Fall TBR List – Top Ten Tuesday

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I’ve discovered yet another book meme, this one hosted by The Broke and the Bookish. Top Ten Tuesday is basically exactly as it sounds: participants list their ‘top ten’ of whatever the subject is every week. I thought I’d start this week since the topic is your Fall TBR list!

Generally I don’t ever have a coherent TBR, but this upcoming season seems to be the exception for me.

I don’t know that I’ll be able to read all of these, or if I’ll be adding in other reads here and there, but these are the books that I’m looking forward to getting to this season!

Goldenhand, by Garth Nix

The highly anticipated continuation of The Old Kingdom series, I cannot wait to get my hands on this and throw myself back into the fantastic world that Nix has created.

The Night Wanderer, by Drew Hayden Taylor

Chosen because I want to do some spooky reading in October, and I’m excited to read something billed as ‘A Native Gothic Novel’.

The Mad Scientist’s Daughter, by Cassandra Rose Clarke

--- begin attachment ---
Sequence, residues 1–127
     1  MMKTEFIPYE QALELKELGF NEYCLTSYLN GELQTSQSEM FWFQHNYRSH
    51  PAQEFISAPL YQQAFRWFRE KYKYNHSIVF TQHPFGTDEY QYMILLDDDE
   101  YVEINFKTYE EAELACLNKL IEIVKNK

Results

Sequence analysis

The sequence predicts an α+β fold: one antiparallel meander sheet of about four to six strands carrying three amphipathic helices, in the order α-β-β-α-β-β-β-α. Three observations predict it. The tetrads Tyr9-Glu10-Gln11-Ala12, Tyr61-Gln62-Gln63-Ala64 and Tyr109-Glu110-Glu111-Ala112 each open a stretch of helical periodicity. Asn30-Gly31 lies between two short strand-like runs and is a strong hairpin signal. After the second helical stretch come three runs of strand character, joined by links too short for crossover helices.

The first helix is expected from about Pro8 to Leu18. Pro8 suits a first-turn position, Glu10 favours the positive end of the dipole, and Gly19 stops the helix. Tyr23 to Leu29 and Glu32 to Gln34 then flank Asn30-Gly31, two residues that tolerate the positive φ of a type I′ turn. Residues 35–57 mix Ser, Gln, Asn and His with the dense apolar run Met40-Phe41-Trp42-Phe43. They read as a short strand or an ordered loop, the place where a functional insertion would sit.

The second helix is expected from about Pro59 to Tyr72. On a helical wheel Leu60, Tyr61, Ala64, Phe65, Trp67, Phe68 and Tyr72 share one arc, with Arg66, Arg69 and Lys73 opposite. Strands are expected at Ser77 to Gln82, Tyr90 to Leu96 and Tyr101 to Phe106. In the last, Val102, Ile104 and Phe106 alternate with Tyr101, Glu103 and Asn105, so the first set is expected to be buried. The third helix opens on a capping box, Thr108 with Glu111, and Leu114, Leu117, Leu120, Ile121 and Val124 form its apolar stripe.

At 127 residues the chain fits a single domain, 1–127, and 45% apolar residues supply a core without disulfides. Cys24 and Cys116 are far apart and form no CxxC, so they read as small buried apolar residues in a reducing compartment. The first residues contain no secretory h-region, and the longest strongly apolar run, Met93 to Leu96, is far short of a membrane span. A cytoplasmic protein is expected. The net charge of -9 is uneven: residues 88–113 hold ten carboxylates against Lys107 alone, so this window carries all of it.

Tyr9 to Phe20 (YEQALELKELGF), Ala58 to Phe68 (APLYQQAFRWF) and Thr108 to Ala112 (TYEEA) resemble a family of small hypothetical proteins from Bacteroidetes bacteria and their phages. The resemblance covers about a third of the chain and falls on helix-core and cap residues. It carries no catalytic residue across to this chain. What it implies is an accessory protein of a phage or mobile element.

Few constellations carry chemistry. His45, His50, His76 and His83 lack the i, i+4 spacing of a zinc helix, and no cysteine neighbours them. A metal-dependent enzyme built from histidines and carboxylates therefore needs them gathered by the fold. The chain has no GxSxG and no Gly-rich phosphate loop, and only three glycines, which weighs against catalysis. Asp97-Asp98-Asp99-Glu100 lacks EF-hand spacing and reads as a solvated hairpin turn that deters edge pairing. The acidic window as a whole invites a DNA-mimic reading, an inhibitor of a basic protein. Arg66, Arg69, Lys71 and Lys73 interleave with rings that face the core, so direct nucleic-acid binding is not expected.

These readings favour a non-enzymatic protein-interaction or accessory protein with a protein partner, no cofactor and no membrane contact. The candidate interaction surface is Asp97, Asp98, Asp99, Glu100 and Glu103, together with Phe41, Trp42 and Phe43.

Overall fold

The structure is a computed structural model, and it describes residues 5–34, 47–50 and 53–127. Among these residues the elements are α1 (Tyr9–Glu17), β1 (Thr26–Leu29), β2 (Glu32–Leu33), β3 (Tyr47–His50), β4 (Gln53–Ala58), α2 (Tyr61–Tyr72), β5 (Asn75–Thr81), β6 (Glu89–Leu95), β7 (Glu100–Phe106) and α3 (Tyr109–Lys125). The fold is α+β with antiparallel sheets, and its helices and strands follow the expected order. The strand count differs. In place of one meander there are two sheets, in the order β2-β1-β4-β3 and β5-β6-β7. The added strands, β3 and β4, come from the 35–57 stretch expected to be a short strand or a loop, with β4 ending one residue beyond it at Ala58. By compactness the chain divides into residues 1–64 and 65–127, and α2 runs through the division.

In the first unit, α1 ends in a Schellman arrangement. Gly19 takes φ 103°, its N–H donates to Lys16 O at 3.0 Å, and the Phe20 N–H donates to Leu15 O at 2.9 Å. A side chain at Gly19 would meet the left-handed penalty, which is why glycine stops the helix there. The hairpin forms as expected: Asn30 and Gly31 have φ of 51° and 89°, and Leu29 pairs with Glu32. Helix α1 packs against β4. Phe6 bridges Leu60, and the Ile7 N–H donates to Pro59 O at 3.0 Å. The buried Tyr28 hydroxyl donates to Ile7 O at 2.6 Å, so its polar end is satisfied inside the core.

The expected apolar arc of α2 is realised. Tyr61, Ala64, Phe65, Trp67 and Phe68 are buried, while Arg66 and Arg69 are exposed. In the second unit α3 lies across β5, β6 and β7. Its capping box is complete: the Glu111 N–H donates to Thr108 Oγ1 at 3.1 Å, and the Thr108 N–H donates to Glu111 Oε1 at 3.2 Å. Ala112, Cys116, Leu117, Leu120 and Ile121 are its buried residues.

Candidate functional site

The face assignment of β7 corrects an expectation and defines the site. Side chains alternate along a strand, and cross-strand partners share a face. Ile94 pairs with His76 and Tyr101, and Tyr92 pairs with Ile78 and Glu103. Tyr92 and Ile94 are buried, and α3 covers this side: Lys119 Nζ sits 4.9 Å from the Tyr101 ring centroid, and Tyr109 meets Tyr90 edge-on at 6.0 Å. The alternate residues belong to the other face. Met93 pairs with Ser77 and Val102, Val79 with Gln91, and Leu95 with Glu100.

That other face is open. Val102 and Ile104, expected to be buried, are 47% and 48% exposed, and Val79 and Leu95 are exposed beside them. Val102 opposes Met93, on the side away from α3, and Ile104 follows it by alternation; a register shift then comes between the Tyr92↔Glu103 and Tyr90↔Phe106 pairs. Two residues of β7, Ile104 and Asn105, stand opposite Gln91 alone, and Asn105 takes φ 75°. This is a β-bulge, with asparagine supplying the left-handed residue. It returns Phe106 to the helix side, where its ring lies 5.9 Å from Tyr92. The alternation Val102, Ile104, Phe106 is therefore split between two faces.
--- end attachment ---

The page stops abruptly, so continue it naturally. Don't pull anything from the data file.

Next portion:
A book I’ve been curious about since it came out, I finally came across a copy at my bookstore.  Apparently dealing with sentient rights, I’m looking forward to reading it.

My Real Children, by Jo Walton

A book about one woman’s life, and the two distinct paths it takes after a choice is made.

Invisible Planets: An Anthology of Contemporary Chinese SF in Translation, translated by Ken Liu

It’s always thrilling to read more diverse authors, and I’m so excited to take a look at the worlds created by these authors.

Children of Icarus, by Caighlan Smith

An ARC I got through NetGalley, there isn’t a lot of information about this book save that it’s based in mythology about Icarus.

The Dhow House, by Jean McNeil

Another NetGalley find, this time from Legend Press – who also published The Blackbird Singularity.

The Vegetarian, by Han Kang

A protagonist who stops eating meat and the surprising consequences of her choice.

Spider’s Song, by Anita Daher

Another spooky October read, this time not supernatural but instead dealing with more human terrors.

The Girl with All the Gifts, by M.R. Carey

Possibly another October read, I saw the movie trailer based on this book and am super intrigued about the concept.

Do we share any of the same books? What’s on your Fall TBR list?